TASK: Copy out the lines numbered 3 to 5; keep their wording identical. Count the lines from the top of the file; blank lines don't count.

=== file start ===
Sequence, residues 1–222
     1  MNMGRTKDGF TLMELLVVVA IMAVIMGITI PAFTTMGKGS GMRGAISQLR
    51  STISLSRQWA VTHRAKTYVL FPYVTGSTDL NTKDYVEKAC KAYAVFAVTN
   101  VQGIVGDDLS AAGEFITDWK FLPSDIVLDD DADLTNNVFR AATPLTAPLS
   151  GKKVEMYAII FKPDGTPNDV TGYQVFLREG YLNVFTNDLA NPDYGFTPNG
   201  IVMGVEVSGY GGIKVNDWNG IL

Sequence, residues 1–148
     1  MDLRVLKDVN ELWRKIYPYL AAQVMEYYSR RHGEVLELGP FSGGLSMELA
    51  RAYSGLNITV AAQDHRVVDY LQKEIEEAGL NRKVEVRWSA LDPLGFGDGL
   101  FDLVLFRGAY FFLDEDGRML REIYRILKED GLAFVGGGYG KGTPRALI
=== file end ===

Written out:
    51  STISLSRQWA VTHRAKTYVL FPYVTGSTDL NTKDYVEKAC KAYAVFAVTN
   101  VQGIVGDDLS AAGEFITDWK FLPSDIVLDD DADLTNNVFR AATPLTAPLS
   151  GKKVEMYAII FKPDGTPNDV TGYQVFLREG YLNVFTNDLA NPDYGFTPNG